Virtual Bulletin – 12/5

December 5th, 2021 – 2nd Sunday in Advent


Monday………………..            Nicholas of Myra, Pastor (i.e. St. Nick)

Tuesday………………..           Ambrose of Milan

                                                 7:00pm             Elder’s Meeting

Wednesday…………….            2:30pm            Confirmation

Thursday……………….           10:00am           Bible Study

Sunday: ………………….          10:00am           Worship

                                                 11:00am           Bible Study


As a church we are all accountable to each other before God. When we know of someone who is finding it difficult to attend services because of age or illness, or maybe even someone who has distanced himself or herself from our fellowship here at St. Mark, we congregants, as brothers and sisters in Christ, should be willing to step up and help a fellow Christian who needs encouragement. An encouraging, hand-written note or an email or a quick phone call can go a long way to give someone a spiritual boost. Maybe, as the holiday season is upon us, we might consider adding some church folks to our card list. In particular, remember to pray for folks who we have not seen in a very long time. “Praying…begging and pleading for all the saints” Ephesians 6:18

We are in the process of updating our church directory which is a rather tedious process. Be patient, it will be published in due course. However, in the meantime, if you wish to reach out to someone and are not sure of his or her current information, contact me so I can get it for you. The information that I have is reasonably accurate. 


John Donne in our time is best remembered as a poet, maybe for the Holy Sonnets. In his time, Donne was a preacher. His most common pulpit was St. Paul’s cross, the open air pulpit outside of St. Paul’s Cathedral in London. Although he was also often a preacher to the Royal household of Charles I. I’ve been dipping into and out of his sermons for a while now, they are great works of meditation. But I read one recently that I wanted to share some from. It was preached to King Charles in April of 1625 on Psalm 11:3, “If the foundations be destroyed, what can the righteous do?” England was still in the middle of Reformation which would eventually lead to Charles losing his head in the English Civil War. But already the foundations seemed to be quaking.

Donne’s first words reflected on the verse and those before it, such that “until the foundations are being destroyed, the righteous should be quiet…now this should not prepare, this should not incline any man, to such indifference, as that it is all one to him,” but that “we remain awake, active and diligent, in assisting truth and resisting all approaches of error.” It was a call to faith in God and clear charitable eyes toward our neighbors. “In a word, we charge them with uncharitableness that they will so peremptorily exclude us from Heaven, for matters that do not pertain to Foundations.” Luther would call it “putting the best construction on everything.”  Not everything is truly foundational.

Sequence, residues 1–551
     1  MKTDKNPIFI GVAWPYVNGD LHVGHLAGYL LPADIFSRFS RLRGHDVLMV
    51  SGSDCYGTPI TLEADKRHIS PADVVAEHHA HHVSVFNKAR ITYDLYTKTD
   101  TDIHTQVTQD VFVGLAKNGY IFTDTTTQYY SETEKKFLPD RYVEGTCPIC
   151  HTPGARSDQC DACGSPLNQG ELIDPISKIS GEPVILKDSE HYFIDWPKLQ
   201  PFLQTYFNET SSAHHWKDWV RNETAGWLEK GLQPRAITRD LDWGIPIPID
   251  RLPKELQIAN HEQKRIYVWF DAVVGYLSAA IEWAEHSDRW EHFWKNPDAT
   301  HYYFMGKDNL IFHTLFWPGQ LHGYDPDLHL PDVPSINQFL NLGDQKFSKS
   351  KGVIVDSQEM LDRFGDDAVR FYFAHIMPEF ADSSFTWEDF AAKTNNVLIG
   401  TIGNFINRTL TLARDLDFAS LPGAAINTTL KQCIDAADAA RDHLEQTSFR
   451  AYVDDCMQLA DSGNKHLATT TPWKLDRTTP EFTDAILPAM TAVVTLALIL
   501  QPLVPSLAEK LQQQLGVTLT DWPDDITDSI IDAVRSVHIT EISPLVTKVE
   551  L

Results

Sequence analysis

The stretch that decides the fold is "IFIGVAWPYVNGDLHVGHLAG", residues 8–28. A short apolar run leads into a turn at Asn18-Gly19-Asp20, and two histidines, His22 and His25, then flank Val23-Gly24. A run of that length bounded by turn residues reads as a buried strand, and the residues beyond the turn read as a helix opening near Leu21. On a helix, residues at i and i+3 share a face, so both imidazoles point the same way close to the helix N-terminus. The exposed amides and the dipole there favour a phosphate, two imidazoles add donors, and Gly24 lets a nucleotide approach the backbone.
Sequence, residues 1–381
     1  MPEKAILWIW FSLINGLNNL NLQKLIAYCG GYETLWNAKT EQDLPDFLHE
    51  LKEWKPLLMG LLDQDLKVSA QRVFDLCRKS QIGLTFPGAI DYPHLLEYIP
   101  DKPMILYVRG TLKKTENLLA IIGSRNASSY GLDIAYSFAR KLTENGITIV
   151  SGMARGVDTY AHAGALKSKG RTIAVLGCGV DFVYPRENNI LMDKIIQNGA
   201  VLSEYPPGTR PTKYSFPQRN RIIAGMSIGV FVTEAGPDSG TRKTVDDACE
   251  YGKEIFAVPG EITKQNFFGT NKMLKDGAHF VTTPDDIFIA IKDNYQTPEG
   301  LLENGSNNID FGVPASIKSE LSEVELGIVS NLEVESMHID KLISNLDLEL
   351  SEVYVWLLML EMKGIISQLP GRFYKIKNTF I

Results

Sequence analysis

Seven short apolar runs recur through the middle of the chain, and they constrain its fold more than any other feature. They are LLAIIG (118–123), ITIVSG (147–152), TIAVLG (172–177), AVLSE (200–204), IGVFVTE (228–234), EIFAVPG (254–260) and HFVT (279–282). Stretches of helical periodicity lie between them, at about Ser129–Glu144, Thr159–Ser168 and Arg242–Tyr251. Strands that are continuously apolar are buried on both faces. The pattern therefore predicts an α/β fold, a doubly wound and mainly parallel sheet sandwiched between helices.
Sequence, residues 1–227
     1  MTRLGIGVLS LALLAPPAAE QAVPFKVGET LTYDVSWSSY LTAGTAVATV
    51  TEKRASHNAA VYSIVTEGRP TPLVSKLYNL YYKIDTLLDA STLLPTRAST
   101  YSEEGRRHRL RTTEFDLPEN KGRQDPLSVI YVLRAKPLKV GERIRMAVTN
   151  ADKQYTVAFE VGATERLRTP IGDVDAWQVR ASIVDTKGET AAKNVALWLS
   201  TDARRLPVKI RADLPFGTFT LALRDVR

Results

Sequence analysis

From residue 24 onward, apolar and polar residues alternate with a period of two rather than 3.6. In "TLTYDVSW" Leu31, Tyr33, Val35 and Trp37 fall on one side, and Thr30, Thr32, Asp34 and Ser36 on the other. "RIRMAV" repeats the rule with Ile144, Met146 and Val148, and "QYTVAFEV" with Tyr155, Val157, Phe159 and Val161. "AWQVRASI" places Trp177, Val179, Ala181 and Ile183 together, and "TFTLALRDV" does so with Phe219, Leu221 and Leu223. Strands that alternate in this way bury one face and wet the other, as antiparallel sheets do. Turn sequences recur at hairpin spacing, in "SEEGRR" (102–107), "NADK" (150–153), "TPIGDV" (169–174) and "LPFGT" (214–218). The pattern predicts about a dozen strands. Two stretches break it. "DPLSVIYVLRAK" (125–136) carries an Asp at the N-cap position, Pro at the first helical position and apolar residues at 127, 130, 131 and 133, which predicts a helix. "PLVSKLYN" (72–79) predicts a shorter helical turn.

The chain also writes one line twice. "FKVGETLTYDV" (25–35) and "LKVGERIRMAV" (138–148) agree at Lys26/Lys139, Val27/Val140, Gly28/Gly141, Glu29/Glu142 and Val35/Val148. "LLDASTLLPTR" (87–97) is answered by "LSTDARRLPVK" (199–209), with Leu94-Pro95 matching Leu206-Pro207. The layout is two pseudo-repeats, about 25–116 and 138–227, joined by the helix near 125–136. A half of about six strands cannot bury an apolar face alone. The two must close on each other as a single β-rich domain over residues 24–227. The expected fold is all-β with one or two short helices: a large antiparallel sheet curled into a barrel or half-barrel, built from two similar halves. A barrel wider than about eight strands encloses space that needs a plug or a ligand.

But his second part addressed the Christian calling when foundations are being destroyed. Donne identified four houses, and four foundations, in which God dwells: Church, State, Family, Individual Soul. If the walls of one collapse, there remain the walls of the those inside. Of course THE foundation of all is Christ, who cannot fail, but David in the Psalm was speaking of the foundations we build on that rock. And Donne identifies each: the Scriptures, the law, peace, and conscience. When these foundations are falling, what does the Christian do?

There is lots of wonderful wisdom in his treatment of each, especially in the individual soul portion where Donne sounds like Luther in reminding us that God has pardoned many greater sinners then ourselves “don’t think that he made you because he lacked someone to damn”, but this brought tears as it is the heart of the gospel. “All this then the righteous can do, though the foundations be destroyed. He can withdraw himself if the duties of the place make not his residence necessary. If he must remain, he can pray, and then he can suffer, and then he can rejoice in his sufferings, and he can witness that God is able to deliver us, and he will, but if not, we will serve no other gods. For the righteous hath forevermore this refuge, though the foundations be destroyed, all cannot be. He is safe in God, and then he is safe in his own conscience.”

The church might betray the scriptures, the state might adulterate the law, the family peace might be ripped apart, but by grace through faith in the work of Christ, we have a clean conscience before God Almighty. Rock of Ages, Cleft for me, let me hide myself in thee. And while there, pray. It is not beyond the Father’s care.


  • Thurs 10am: Starting a New Series – “The Bible Stories Everyone Should Know”. Come Join!
  • Confirmation: Work on memorizing the commandments and read the 9th/10thth commandment questions.
  • Life Application Fellowship (LAF):  Next Year!
  • Sunday Morning: During Advent we will be looking at the OT/Gospel reading that is not the sermon text. Come Join!
  • Catechism Moment: In hibernation


The season of Advent is quickly approaching, and so is a RHAFT challenge for giving to our local food pantry.  You will find an insert in your bulletin which lists some suggestions for items to give during each of the four weeks of Advent.  (Of course, any donations are welcomed any week, but this method helps us give a variety of items to RHAFT.)  There are many who are “in need” in our community, especially during this time of job losses and rising prices. We thank you for your past generosity in giving, and we pray that you will accept our challenge to help once again!